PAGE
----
A Last refuge beyond which all hope is lost

The cold and snow at Cluxewe Resort arrived with a vengeance. I was inside my RV, heater under my feet, looking out through a crack in the blinds, trying to keep all the heat I could near me.  The world had closed in, with only my little space of heat and light to huddle in while the wind howled and the snow flew outside. My RV felt like a last refuge beyond which all hope is lost. If you are looking for pretty scenery from around here, you can skip to the next post – this is all the trials and tribulations of surviving the cold in an RV.

I survived the night, awaking to a chilly but not quite frozen RV. My space heater was not quite up to the job, leaving things closer to ten rather than twenty Celsius inside. But I could always add a little heat from the propane furnace if I got too cold. I can also say that keeping the blinds down does help with retaining heat – but at a cost of seeing nothing outside. I compromised and kept one window I look out most open a crack during all but the coldest weather. When it’s blowing snow I don’t want to see outside anyways!

I had remarked to friends that my RV had survived the bitter cold without freezing any lines. I was fortunate to have running water. Most of the campground did not – many lines was frozen. My line had a little leak at the valve stem – the giant icicle coming down from the tap was evidence of that. But that little trickle of water kept my lines open. Plumping out here is not designed out here for a record low of minus 13C!

But I was mistaken thinking I had escaped the freezing line issues with warmer weather the following day. I try my kitchen hot water tap and nothing comes out. I’m not believing it could be frozen at first. After all, it is a good five degrees warmer than the previous night.  But the vagaries of wind, time and perhaps not enough open doors to let a little hot air in behind the kitchen sink did me in.

I opened things up and let it sit for a day. No improvement, in either frozen line or outside temperature. We are talking around minus five to seven during this time. At least it is only my kitchen hot water tap – the one I need least of all taps. I guess I’m going to have to get in there and start tracing lines – need to find this frozen spot and hopefully thaw it without cracking a line.

Hunting for frozen lines PXL_20211228_192420462

The cushion is hiding the mold spot up against the wall in this shot

Behind this plywood on the rear driver’s side of the RV is my water pump and a mess of lines. The water tank is to the left under the back bench. I wasn’t expecting anything frozen here, but my initial inspection under the kitchen sink yielded nothing frozen, so I might as well start from the source and trace out. You’d think I’d have taken a picture before I put the cover back on, but by the time that thought occurred to me, I already had drilled the screws back in that held the cover on. I wasn’t going to reverse that for a picture that wasn’t going to show you much more than a pump and a mess of lines running from it. Also, that cover isn’t a very good fit – I struggled to get the thing back on. Perhaps in warmer weather I’ll remove it and shave it down a bit so it is a better fit. While it is cool down there, the furnace is close, next to the fridge just in the bottom right of the picture. That furnace and its lines throw off heat that warms up the space, if you use the propane furnace that is. I’m using a space heater mostly, so I have to remember to open cupboards and doors to let some of that heat into these crawl spaces. But if it gets really cold, I think you need to run your propane furnace as it is designed to heat these spaces as well as the inside you live in the RV.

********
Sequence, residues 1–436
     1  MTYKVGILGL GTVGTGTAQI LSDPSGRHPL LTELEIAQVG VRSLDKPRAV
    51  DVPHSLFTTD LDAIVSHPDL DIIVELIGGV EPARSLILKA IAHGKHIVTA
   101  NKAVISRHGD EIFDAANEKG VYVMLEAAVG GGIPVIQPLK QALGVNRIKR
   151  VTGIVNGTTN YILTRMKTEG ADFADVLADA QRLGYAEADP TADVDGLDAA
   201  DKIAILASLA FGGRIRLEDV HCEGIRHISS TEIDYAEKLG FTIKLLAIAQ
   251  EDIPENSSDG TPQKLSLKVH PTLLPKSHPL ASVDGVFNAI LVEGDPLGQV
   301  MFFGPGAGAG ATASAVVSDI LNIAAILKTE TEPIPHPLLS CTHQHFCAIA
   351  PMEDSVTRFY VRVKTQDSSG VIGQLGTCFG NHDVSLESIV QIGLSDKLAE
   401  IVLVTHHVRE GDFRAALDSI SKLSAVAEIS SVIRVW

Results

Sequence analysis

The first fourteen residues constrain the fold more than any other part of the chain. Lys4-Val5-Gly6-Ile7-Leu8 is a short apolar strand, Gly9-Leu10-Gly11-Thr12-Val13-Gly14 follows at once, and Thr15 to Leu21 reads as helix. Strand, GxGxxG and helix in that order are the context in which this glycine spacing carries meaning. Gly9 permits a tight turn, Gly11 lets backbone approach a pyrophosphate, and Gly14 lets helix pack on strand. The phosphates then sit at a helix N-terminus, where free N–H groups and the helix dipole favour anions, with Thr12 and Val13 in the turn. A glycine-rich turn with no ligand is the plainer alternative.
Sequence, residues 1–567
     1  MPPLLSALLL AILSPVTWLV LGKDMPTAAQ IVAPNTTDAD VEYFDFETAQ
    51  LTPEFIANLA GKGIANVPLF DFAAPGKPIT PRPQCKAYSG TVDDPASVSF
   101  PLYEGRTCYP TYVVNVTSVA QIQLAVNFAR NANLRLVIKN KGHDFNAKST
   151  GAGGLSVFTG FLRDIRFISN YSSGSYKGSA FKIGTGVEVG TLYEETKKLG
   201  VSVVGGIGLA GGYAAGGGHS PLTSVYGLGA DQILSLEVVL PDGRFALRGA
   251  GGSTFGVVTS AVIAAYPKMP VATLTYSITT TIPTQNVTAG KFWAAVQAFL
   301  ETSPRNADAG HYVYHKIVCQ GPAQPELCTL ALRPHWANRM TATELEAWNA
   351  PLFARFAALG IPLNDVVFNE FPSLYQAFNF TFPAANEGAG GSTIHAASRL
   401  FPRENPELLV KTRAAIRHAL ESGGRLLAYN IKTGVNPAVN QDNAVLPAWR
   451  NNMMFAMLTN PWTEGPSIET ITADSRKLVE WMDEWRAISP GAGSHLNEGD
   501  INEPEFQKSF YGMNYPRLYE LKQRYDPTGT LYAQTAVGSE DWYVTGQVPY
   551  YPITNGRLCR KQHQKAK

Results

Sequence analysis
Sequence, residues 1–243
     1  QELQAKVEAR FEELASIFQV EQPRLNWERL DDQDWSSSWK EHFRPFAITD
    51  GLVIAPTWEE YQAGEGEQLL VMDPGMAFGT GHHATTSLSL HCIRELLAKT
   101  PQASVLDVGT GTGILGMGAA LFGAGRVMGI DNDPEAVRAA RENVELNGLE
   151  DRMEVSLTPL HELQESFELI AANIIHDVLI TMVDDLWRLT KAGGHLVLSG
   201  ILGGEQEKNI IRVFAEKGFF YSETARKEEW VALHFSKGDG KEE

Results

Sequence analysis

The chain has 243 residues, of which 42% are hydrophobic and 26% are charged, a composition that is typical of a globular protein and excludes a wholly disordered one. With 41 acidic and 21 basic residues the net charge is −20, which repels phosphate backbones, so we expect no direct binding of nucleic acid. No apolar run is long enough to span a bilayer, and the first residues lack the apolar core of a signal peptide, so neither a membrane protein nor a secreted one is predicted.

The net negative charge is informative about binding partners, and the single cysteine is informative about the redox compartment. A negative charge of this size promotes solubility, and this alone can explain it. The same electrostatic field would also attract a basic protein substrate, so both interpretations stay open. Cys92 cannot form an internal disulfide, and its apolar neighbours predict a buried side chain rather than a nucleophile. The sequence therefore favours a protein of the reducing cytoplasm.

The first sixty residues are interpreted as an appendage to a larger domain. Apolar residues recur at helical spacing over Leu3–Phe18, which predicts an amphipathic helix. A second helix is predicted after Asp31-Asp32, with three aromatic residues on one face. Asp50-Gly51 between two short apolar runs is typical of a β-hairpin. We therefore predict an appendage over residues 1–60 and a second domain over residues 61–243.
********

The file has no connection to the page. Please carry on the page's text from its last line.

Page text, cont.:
New Mold PXL_20211228_194617222

Passenger side rear plywood mold. My basement storage is right under this.

My second surprise came as I inspected the hatches – this one and the water pump cover had mold, still forming as they were both damp despite several days of warmer air plugged in at the RV campground. I’m going to have to be more generous applying heat and ventilation to keep this from happening again. The moist air, especially when cooking, hits the cold wall and condensates, with the water running down and behind the seat cushion. It is trapped down there and only dries out very slowly. If I see moisture on the walls again, I know I’m going to have to remove cushions ASAP and dry out these corners. Tearing apart your RV will yield you little tidbits like this that will help you keep things in decent shape.